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I'm looking for a simile or idiom that means

two things might look alike but are in fact way too different.

Something like the opposite of the saying

A coin has two sides
There's two sides to a coin

something like

behind every mask lies a different person

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  • "My way or the highway."
    – Peter
    Jan 27, 2016 at 0:38
  • That's not it. I'll give you an example. It's as if someone is angry at an entire race because one person of that race hurt someone in their family. Not everyone is the same -- that's the message I want to deliver, using a simile or an idiom. I want something like 'behind every mask lies a different person.' Jan 27, 2016 at 0:45
  • There are two idioms that are opposite what you want: "Birds of a feather flock together" (meaning if you see someone hanging out with bad people, he's probably bad also), and "one rotten apple spoils the whole bunch" (meaning if you let one agitator or malingerer get onto your team, they'll drag down the morale of the whole team). Closer to what you want is "Don't judge a book by its cover" but that only applies if you're talking about judging somebody by their appearance.
    – The Photon
    Jan 27, 2016 at 1:11
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    I think I'm beginning to understand what you're looking for Two side of the same coin is They appear different, but are the same. You are looking for They appear the same, but are different which can be chrarcterized by Each one of us are individuals / special / unique or They are all the same but different or There is diversity in their sameness or A rainbow has many colours
    – Peter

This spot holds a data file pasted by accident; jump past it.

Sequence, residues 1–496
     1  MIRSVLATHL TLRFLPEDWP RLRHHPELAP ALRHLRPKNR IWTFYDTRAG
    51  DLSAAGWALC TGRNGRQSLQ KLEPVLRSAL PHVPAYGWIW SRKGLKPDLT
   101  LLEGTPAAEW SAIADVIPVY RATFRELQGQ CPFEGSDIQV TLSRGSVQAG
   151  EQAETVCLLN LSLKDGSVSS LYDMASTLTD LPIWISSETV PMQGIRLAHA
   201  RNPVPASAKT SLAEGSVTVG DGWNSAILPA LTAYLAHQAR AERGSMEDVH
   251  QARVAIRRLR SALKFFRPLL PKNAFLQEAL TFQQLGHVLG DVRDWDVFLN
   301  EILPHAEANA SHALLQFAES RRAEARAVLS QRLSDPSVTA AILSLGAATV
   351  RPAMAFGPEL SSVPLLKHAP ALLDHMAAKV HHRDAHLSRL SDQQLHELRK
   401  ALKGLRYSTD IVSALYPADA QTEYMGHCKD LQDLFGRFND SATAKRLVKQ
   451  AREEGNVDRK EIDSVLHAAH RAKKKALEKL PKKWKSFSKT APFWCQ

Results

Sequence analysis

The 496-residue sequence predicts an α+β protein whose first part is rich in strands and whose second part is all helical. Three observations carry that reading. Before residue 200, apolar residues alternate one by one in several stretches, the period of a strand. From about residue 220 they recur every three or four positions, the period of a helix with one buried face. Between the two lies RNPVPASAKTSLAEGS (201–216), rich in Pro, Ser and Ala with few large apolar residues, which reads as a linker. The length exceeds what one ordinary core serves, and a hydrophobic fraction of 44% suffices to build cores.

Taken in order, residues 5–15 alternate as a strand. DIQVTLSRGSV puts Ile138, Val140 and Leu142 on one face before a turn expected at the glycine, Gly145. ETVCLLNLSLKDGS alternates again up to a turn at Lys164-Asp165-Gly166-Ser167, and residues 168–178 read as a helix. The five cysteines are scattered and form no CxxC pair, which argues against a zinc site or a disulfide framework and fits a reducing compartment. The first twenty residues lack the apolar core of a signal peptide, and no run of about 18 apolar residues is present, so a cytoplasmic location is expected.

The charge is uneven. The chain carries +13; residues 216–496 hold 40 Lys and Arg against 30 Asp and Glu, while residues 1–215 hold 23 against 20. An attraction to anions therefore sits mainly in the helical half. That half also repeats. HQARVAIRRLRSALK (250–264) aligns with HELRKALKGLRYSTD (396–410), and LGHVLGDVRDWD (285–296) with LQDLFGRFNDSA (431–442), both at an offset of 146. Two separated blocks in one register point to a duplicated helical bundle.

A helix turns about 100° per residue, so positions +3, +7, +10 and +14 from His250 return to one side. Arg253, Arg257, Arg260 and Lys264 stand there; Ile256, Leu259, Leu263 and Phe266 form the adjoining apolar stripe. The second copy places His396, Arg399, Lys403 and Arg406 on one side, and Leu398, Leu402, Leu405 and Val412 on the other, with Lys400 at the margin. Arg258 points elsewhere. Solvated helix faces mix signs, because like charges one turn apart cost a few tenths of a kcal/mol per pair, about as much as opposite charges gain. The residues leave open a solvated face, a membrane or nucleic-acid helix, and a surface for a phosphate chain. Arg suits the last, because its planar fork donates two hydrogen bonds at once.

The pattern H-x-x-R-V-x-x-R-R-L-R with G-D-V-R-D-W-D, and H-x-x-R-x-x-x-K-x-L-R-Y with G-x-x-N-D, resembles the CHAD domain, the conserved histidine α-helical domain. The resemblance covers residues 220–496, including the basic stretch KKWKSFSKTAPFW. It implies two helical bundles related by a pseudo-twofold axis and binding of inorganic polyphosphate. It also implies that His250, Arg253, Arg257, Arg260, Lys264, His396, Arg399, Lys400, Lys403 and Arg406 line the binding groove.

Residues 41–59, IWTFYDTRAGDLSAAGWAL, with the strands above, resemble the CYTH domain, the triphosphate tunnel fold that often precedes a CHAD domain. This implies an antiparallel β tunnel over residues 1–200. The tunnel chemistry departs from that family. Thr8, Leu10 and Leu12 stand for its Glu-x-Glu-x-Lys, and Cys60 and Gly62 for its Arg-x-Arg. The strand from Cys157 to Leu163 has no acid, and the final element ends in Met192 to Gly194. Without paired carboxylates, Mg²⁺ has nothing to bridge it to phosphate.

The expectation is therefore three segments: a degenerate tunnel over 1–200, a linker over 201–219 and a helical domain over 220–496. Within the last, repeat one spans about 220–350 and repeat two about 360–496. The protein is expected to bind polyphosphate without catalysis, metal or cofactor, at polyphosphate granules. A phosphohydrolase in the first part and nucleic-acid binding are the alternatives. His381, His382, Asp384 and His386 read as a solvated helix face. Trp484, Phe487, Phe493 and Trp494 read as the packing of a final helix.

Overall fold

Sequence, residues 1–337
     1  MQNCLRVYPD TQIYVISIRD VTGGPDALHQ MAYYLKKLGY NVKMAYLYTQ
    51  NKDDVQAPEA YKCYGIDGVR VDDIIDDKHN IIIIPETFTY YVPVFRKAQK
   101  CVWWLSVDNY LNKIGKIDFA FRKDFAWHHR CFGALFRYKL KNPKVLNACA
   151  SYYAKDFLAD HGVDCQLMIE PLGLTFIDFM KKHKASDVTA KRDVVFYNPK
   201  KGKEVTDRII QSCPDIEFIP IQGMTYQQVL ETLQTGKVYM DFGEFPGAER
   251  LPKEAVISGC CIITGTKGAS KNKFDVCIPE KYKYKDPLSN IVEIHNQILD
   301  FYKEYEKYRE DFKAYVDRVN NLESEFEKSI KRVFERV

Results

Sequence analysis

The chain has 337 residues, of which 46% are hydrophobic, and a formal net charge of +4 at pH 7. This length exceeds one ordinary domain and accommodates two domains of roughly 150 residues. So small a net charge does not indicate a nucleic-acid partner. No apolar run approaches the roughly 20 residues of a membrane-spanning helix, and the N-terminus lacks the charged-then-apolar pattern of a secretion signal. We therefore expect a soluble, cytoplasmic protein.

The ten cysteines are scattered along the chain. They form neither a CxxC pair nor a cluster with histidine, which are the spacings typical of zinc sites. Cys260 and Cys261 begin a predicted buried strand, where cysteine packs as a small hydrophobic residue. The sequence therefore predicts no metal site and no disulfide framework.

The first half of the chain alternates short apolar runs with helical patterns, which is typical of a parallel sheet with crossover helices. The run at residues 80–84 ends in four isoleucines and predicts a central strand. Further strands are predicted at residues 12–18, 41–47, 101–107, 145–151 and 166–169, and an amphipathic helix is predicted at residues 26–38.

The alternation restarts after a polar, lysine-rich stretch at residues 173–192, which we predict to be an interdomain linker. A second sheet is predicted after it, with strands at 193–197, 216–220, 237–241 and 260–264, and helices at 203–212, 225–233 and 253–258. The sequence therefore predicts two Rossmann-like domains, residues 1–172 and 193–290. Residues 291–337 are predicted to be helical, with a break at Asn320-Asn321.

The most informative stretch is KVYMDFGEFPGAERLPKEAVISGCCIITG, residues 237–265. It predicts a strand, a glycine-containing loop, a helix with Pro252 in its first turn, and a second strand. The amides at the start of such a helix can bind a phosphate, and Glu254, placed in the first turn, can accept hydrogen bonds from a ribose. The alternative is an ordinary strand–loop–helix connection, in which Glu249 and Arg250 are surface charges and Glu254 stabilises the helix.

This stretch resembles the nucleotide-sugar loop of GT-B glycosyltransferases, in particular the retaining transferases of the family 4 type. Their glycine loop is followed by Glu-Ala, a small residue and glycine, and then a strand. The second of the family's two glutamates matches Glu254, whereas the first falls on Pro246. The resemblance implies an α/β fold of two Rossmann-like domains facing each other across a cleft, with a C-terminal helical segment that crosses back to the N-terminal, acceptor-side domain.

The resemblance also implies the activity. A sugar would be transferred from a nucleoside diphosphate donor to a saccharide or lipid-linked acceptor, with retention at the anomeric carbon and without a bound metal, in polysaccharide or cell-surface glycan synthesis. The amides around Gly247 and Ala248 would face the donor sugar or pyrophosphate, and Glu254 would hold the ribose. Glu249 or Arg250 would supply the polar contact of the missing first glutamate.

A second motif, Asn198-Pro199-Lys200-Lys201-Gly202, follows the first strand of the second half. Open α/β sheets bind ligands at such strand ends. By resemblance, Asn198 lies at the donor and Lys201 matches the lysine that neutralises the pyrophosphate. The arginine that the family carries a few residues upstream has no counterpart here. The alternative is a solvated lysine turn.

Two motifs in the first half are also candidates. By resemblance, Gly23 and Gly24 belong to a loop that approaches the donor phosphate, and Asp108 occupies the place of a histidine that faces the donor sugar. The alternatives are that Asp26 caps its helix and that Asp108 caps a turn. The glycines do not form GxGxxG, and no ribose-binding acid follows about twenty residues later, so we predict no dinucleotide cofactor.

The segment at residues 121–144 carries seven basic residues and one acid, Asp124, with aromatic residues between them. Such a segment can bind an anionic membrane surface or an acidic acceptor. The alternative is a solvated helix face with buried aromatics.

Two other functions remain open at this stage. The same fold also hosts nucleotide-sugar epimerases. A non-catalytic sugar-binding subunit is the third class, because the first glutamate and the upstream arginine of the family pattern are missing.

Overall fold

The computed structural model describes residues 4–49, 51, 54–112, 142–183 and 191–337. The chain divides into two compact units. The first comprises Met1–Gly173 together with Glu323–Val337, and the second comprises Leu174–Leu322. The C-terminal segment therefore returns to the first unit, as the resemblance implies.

Jan 27, 2016 at 2:48
  • A rotten apple does not necessarily spoil the barrel (a twist of a common saying A rotten apple spoils the barrel) should work, in my humble opinion. Though this isn't exactly the opposite of A coin has two sides (an opposite would be something like A trick coin may have the same two sides, I suppose), I think it's close to what you described in your comment above. Jan 27, 2016 at 16:05

3 Answers 3

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A good idiom for your example of being angry with every member of a particular race, due to what one member of that race did is 'to tar everyone with the same brush', which means to think (incorrectly) that every member of a particular group has the same bad qualities shown by just one member of that group.

You might 'Tar everyone with the same brush' because you think that 'birds of a feather, flock together' - i.e. that people who decide to be a part of a group with other people with similar traits to themselves.

"I hate people from that town - one of them stole my money."

"You shouldn't tar everyone with the same brush"

"Birds of a feather, flock together"

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One rather common idiom in English is don't paint with such a broad brush.

A broad brush means something that is sweepingly general, and the idiom paint with a broad brush means to describe a class of objects or a kind of phenomenon in general terms, without specific details and without attention to individual variations.

Usually, painting with a broad brush is considered negative, in that it's used to describe people who are overgeneralizing.

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  • To be honest, I've never heard that expression in the UK.
    – Steve Ives
    Jan 27, 2016 at 16:15
  • @SteveIves - Interesting, the tar/paint difference between BrE and AmE. Here is the US, paint is heard more often than tar, I think. Interesting ngram, too.
    – J.R.
    Jan 28, 2016 at 0:20
  • both expressions convey a similar concept, although 'paint with a broad brush' actually makes more sense in that it implies you might apply paint to bits you don't mean to, whereas I can't see the issue in tarring things that need to be tarred with the same brush.
    – Steve Ives
    Jan 28, 2016 at 10:37
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a simile or idiom that means that two things might look alike but are in fact way too different.

"Don't judge a book by its cover" means you cannot judge things or people by their external appearances.

Beware that this phrase is very well known and if you use it in formal writing or persuasive writing it will come across as a cliche.

It's as if someone is angry at an entire race because one person of that race hurt someone in their family.

You could also refer to "the good Samaritan", who, in a biblical parable, was a man who helped a Jew in distress, despite the Jews and Samaritans being enemies. More often, though, a "good Samaritan" is just someone who helps a stranger.

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